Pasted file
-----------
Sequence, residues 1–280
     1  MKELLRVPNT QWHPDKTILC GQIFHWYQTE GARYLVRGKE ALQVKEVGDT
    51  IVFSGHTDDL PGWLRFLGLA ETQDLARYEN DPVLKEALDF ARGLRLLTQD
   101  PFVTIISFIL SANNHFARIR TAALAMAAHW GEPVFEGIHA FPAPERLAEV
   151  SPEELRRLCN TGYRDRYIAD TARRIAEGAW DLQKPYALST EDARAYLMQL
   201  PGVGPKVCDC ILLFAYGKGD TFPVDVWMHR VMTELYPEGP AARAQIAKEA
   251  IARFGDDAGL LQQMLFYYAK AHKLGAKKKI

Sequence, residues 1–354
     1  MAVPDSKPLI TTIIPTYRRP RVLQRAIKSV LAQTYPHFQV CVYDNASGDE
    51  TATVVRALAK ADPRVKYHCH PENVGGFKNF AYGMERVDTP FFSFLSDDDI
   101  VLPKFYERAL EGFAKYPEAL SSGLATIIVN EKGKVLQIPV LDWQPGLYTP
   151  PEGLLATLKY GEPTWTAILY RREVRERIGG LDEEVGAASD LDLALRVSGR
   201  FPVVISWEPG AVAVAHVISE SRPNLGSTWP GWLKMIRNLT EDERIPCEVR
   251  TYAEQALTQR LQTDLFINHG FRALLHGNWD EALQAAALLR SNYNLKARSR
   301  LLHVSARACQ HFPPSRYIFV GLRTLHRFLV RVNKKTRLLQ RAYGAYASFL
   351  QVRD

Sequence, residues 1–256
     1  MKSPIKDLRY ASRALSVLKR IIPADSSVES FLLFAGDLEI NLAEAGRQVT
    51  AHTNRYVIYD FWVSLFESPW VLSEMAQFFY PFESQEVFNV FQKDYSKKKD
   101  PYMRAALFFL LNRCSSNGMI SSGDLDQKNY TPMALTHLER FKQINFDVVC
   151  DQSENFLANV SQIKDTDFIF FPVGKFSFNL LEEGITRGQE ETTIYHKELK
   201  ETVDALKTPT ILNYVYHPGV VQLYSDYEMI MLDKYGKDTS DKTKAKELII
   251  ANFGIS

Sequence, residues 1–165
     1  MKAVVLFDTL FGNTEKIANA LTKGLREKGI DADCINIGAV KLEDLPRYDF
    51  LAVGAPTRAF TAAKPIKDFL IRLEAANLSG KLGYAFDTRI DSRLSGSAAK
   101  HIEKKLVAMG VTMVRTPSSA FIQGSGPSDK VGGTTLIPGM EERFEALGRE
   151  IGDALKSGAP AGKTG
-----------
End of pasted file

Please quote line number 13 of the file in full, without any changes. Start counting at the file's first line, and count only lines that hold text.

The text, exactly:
   201  FPVVISWEPG AVAVAHVISE SRPNLGSTWP GWLKMIRNLT EDERIPCEVR